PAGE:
A year ago today, Donald Trump was elected the nation's 45th president. A measure of the reaction to Sunday's church shooting in Sutherland Springs, Texas, indicates many in media, punditry and average citizenry don't have any more understanding today why he was elected than they did a year ago.
When troubled Devin Patrick Kelley opened fire at First Baptist Church, killing 26 people and wounding many others, the left's reaction was swift, predictable and rote: gun control. If we just had gun control, this would never have happened.
The sound bites may as well have been saved from any mass shooting in the last eight years and played again.
Never mind that the gun was obtained legally (though the Air Force in 2012 may have erred in failing to report the then-enlisted man's court martial) and that the incident was likely the result of a family feud.
But, hey, just call for restricting guns. And blame the Republican Congress that was not taking action to do just that.
Former President Barack Obama used to be the head of that echo chamber. But Middle America saw through the arguments, the repetition and the nonseriousness. It's one reason Obama's protégé, Hillary Clinton, was not elected to succeed him.
In shootings since Trump was elected, the left has cynically lumped its disdain of faith into the gun control argument. To offers of "thoughts and prayers" given after such shootings, it has angrily labeled such reactions as hollow, meaningless and stupid.
A few reactions after Sunday's incident from the left's best and brightest:
» "If prayers were the answer 2 gun violence wouldn't people at a church service be safe?" — Paula Poundstone
» "Speaker Ryan, bluntly: shove your prayers up your —- " — Keith Olbermann
» "If prayers did anything, they'd still be alive, you worthless sack of ——." — Wil Wheaton
These giants of punditry failed to grasp what the often bumbling Trump does grasp. To the majority of Americans, their faith is important, even sacrosanct. Cruelly and profanely demeaning it is not only hateful, it does nothing to sway anyone toward gun control (or any other issue).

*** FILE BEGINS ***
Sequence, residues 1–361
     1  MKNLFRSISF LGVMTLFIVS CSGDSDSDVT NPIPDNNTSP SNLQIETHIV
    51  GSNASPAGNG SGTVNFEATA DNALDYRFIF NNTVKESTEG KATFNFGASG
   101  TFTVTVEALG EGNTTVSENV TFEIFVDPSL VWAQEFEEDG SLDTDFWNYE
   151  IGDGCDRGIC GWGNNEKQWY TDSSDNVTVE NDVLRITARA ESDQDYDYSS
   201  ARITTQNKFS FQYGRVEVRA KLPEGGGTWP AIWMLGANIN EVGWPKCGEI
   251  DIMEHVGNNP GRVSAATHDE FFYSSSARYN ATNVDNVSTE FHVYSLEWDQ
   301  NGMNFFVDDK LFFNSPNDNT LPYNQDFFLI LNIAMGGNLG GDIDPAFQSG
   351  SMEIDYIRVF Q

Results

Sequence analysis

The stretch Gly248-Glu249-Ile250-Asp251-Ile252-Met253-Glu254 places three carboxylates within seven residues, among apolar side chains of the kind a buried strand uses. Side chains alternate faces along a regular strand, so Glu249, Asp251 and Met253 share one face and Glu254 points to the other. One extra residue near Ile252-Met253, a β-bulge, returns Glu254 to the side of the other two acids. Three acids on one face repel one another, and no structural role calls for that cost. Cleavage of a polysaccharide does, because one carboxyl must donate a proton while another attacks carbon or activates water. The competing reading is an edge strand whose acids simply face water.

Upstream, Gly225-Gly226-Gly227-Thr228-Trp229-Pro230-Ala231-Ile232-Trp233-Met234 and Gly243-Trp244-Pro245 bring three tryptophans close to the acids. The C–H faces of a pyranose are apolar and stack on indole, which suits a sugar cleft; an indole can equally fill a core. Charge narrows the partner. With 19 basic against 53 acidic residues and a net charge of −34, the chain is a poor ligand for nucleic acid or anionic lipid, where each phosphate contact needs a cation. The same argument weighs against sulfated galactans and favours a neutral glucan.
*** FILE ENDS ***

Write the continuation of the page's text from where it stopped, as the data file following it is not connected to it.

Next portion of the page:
Because, here's the deal. The truly faithful mean what they say when they indicate they will pray. They mean they will empty their minds of the clutter of their busyness and offer words of lamentation, of helplessness, of confusion and even of forgiveness for the perpetrator to the God of their understanding. They want to know why these horrible things continue to happen. They want to be given the wisdom to know how to stop them. They want those who commit such acts to know the peace that their faith gives them.
Quite separately from their prayers, they long for action but not the action of the usual empty phrases spilled out each time a mass shooting occurs. They have real questions that demand real answers but not answers either the left or the right are giving them.
They may own guns themselves, or they may disdain guns. But they wonder how gun laws will curb the firearms already in the hands of millions, all but a minuscule percentage of whom would never turn their gun on another if not threatened. They wonder how they can be kept out of the hands of street thugs, whose names will never be able to be found on a gun permit, a gun registry or a concealed carry permit.
They don't want guns in the hands of the mentally ill, but they wonder who will decide who the mentally ill are. Could the use of a certain antidepressive classify them as mentally ill but not the neighbor whose daily use of opioids has gone undetected?
They wonder how guns can be kept from someone who leads a normal life for years, then snaps in a fit of pique? Or whether guns should be removed from (or just not sold to) everyone charged with domestic violence, sexual harassment or use of some other weapon in the commission of a crime?
People of faith who hold opinions somewhere between ban-all-guns and allow-all-guns are never heard. Their voices, their important questions, their desire for reality in discussion on the issue are drowned out.
Many of those a year ago today voted for Donald Trump not because they believed he had the answer to the nation's gun problem but because he gave voice to what they did believe — that America was a country that still could solve such a problem, that America was an inherently good nation, that the faith that was a touchstone in the founding of America was still relevant today, that family values were not something to be debased and shamed and confined to the ash heap of history.
Those of us who still believe in that America sense that taming the problems of an angry, 26-year-old, domestic abuser would have been better solved with prayer and faith than with empty rhetoric about gun control.